COVID-19 Relief for Small Businesses – Existing Options

03/25/2020 (Updated 06/16/2020)

Small businesses are among the hardest hit by the coronavirus (COVID-19) crisis and the shocks to consumer demand and supply resulting from the ensuing government orders to stay at home and close nonessential businesses. In addition to any new or expanded relief in the federal stimulus package, you should be aware that there are existing programs that may be of assistance. One such existing source of relief for your business may be found in the Small Business Administration’s Disaster Loan Program.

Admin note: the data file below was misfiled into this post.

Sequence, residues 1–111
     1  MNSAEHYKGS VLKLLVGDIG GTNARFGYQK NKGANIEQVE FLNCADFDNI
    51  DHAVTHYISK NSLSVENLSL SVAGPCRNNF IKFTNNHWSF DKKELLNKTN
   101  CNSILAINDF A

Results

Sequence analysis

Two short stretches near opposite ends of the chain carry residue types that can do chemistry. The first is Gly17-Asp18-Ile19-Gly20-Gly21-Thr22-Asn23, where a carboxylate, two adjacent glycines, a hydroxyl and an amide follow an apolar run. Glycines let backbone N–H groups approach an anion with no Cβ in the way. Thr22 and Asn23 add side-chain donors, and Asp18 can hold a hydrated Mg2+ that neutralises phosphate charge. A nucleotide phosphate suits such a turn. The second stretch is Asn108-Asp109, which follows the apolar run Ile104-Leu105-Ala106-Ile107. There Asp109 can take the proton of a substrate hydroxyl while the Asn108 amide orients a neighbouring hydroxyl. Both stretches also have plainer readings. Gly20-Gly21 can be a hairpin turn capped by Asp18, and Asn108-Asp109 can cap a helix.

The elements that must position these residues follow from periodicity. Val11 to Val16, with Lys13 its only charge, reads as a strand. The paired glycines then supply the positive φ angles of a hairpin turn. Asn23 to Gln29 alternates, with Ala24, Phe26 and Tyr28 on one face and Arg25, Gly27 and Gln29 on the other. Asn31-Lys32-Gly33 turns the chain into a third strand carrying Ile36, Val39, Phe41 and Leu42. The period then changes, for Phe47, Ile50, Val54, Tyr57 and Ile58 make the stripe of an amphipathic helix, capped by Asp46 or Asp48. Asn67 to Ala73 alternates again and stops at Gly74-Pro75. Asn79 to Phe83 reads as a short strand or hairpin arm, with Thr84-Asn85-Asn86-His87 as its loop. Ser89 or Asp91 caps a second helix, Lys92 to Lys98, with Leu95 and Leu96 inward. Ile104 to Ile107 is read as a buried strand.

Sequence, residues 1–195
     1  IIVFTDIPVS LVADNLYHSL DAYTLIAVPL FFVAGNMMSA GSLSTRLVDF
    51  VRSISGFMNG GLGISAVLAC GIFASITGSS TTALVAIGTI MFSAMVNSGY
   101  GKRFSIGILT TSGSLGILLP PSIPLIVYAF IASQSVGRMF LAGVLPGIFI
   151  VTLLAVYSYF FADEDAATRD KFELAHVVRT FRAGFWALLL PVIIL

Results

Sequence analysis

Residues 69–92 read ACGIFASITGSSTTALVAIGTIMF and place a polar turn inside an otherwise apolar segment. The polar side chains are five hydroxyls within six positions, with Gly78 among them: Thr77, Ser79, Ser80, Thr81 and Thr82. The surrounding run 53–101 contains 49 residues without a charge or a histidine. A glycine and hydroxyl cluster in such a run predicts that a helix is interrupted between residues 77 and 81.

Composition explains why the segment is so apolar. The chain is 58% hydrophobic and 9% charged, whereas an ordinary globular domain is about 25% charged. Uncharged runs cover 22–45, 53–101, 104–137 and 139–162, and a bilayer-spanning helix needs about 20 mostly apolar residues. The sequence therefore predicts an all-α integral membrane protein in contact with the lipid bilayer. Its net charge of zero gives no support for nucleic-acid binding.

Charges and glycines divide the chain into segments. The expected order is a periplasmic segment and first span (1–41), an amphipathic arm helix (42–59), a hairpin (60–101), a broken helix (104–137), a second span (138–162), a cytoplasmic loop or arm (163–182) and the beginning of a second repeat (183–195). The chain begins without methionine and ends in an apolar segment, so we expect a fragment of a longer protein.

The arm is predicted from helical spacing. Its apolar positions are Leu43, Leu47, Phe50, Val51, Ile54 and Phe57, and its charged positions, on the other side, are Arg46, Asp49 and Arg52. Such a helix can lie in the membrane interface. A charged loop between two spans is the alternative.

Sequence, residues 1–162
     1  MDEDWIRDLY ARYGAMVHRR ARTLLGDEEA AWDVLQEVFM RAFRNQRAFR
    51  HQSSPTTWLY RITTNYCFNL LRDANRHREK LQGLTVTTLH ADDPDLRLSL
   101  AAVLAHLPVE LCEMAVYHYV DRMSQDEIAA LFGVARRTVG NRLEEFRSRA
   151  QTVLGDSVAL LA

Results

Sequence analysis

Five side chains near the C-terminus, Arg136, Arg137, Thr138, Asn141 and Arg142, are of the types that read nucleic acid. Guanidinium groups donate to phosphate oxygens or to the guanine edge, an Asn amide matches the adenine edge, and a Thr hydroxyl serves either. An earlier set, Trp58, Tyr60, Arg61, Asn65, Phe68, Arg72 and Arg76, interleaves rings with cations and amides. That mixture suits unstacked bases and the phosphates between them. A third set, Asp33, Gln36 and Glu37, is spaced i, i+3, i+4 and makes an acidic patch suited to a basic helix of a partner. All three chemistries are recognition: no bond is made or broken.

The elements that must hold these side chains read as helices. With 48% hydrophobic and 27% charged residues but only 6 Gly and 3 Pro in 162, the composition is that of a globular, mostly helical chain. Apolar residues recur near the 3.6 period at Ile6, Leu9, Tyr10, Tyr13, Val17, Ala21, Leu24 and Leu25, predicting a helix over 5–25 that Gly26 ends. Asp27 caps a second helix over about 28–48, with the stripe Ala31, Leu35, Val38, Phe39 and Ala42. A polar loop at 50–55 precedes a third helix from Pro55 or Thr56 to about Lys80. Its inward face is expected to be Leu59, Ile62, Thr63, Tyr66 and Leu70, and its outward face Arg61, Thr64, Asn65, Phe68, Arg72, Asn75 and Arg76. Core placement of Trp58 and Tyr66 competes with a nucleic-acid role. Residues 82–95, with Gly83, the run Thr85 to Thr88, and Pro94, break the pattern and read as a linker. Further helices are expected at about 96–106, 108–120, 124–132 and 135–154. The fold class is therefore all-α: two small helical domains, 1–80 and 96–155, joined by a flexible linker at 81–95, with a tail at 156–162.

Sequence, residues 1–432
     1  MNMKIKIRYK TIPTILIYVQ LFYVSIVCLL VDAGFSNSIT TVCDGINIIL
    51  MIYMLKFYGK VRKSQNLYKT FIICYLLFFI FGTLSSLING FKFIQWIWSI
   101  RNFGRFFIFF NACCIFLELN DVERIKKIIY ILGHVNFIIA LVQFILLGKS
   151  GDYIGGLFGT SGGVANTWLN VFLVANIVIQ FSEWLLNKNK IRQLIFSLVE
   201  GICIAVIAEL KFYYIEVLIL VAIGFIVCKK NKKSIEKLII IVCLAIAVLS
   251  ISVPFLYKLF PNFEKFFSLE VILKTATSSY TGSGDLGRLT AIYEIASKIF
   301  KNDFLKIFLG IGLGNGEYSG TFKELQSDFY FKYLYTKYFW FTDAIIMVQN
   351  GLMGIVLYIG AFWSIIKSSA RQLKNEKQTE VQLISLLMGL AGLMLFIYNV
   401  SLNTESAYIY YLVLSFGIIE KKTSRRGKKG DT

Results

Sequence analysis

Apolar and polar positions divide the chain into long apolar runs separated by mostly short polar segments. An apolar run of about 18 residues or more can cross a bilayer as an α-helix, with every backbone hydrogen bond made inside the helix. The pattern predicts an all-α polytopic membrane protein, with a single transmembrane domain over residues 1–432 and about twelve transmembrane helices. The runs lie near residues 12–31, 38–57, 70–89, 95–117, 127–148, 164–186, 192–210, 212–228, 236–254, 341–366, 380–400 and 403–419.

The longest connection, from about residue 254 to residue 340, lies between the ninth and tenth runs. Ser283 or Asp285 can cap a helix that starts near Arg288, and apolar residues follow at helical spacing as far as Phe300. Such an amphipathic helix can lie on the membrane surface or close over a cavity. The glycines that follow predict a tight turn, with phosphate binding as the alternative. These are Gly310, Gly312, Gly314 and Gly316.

UPDATE: On June 15, the Small Business Administration (SBA) began accepting new applications for Economic Injury Disaster Loans (EIDLs). The SBA had previously ceased accepting applications for new EIDLs and also limited the maximum funding amount, in both cases in order to preserve appropriations.


The SBA has administered a Disaster Loan Program in some form since 1953. In addition to funding the replacement of assets lost in physical disasters, this program also provides loans to help cover ordinary and necessary financial obligations that cannot be met as a direct result of COVID-19.

These EIDLs are currently available to small businesses in all 50 states and territories and can provide

  1. an advance of up to $10,000;
  2. up to $2 million in loans to cover fixed debts, payroll, accounts payable, and other working capital needed to cover substantial economic injuries caused by COVID-19;